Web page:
Emergency Rooms (ERs) across North America are under duress because of overcrowding, delays and diversions, whose increases can be exponential. The aging of Canada’s population amplifies the magnitude of this issue, as older ER users are the fastest increasing group of ER users and they possess complex and specific needs. Regardless the reason for an ER visit, multi-morbidities and disabilities tend to define older ER users. These two characteristics go a great way in explaining the pernicious age-related events which may arise during an ER visit, such as greater ER and hospital lengths of stays, and a higher hospital admission and in-hospital mortality rates, when compared to younger ER users. Because ERs are configured on a disease-oriented and episodic model, rather than chronic multi-morbidities and disabilities, the short-term adverse outcomes are one of the main challenges that they struggle with. Assessing the specific needs of the growing number of older ER users is a priority, if we wish to reduce the occurrence of the short-term age-related adverse ER outcomes.
The short-term adverse outcomes are relevant to rapid screening. Screening individuals presenting a high risk for short-term age-related adverse ER outcomes is, therefore, the first step to developing an effective ER care plan. However, the existing ER screening tools, such as the Identification of Seniors At Risk (ISAR) tool or the Triage Risk Screening Tool (TRST) used in Canadian ERs, or the “Programme de Recherche sur l’Intégration des Services pour le Maintien de l’Autonomie” (PRISMA-7), which is used in Quebec ERs, do not predict the short-term age-related adverse ER outcomes. We have developed a tool, known as “Emergency Room Evaluation and Recommendations” (ER²), which was specially designed to predict short-term age-related adverse ER outcomes. Its intended purpose is to improve screening of older ER users at risk of short-term age-related adverse ER outcomes, when compared to ISAR, TRST and PRISMA-7, with the aim to prevent the occurrence of these incomes, through delivering the right intervention, to the right patient, at the right time.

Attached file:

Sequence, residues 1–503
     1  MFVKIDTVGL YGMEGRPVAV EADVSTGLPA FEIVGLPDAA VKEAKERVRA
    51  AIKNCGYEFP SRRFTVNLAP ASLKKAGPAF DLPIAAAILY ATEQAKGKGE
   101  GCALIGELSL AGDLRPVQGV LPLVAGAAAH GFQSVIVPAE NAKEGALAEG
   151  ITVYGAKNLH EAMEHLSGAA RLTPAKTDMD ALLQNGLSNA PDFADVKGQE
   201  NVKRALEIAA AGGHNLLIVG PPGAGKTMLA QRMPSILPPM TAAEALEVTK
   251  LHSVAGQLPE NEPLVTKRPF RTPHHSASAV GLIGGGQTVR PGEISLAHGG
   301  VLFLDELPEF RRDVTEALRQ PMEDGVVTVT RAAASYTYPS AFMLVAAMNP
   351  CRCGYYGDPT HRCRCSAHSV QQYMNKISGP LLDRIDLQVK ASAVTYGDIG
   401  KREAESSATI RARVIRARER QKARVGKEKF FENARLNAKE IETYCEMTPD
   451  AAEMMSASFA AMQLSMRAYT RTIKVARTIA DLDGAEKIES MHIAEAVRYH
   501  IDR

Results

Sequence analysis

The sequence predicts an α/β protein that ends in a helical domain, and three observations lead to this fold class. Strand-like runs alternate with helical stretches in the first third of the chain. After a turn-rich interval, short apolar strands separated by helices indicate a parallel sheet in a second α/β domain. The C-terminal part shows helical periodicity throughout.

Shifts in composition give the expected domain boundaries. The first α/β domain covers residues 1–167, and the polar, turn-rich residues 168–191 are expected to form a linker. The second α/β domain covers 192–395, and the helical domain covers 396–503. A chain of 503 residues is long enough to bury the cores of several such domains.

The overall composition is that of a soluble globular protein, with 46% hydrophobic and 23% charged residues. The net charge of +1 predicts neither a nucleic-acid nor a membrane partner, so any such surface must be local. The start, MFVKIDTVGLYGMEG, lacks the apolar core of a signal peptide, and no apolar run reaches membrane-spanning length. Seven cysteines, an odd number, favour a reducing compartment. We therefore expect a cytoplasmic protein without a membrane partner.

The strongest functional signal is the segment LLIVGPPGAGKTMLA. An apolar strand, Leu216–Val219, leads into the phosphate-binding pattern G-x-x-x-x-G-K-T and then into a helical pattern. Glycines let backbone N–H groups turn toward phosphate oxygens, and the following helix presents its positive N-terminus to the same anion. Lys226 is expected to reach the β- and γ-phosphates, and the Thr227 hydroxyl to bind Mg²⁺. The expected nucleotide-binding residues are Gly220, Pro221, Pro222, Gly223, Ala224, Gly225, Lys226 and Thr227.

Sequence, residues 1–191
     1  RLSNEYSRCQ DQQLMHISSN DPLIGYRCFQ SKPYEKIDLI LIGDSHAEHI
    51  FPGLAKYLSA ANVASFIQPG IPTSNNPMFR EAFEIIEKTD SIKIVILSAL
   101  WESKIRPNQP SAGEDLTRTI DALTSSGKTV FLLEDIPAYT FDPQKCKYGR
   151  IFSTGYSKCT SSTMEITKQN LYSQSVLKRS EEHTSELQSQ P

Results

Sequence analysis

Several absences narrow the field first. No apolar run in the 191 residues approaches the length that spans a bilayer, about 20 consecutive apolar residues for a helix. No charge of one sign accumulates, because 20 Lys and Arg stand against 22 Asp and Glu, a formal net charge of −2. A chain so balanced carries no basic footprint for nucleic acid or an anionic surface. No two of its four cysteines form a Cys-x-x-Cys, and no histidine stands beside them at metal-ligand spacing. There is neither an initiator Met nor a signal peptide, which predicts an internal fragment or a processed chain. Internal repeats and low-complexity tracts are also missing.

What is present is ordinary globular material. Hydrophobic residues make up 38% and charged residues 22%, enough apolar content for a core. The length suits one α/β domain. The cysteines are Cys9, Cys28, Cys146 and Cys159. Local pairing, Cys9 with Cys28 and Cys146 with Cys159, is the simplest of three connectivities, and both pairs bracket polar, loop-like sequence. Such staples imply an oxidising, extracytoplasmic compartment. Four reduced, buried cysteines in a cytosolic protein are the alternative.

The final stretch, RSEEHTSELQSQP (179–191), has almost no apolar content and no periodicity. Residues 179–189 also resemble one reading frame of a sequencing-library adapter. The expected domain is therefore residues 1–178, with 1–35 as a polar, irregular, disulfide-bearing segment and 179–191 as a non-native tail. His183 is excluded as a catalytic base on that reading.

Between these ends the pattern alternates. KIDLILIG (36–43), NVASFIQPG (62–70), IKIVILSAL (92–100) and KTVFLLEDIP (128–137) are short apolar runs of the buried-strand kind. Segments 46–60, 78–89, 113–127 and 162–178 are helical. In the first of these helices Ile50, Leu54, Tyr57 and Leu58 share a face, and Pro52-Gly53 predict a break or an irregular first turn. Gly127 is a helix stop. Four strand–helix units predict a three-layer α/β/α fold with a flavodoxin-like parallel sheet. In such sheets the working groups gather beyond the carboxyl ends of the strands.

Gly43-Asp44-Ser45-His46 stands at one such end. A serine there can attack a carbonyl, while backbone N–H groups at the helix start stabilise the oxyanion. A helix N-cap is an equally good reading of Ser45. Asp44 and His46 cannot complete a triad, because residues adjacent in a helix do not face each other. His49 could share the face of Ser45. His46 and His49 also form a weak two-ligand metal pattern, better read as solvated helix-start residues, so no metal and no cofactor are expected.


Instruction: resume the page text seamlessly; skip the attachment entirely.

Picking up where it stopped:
Evidence based medicine has shown that simple and early interventions throughout the care pathway may prevent delirium and motor deconditioning in older patients, and medication reconciliation is an efficient intervention to prevent adverse drug reactions. Furthermore, early assessment of home support is a crucial step to adapt home services to an early discharge to home.
Based on these evidences, we have improved ER² by adding an interventional facet to the assessment component. Interventional suggestions depend on the results of the assessment component, and feature recommended interventions aiming to prevent confusion, motor deconditioning, adverse drug reactions and inappropriate home support. These recommendations are formulated with the help of the answers to ER² questions. The effects of the ER² recommendations on age-related adverse ER outcomes have not yet been examined and, thus, need to be defined through a Randomized Controlled Trial (RCT).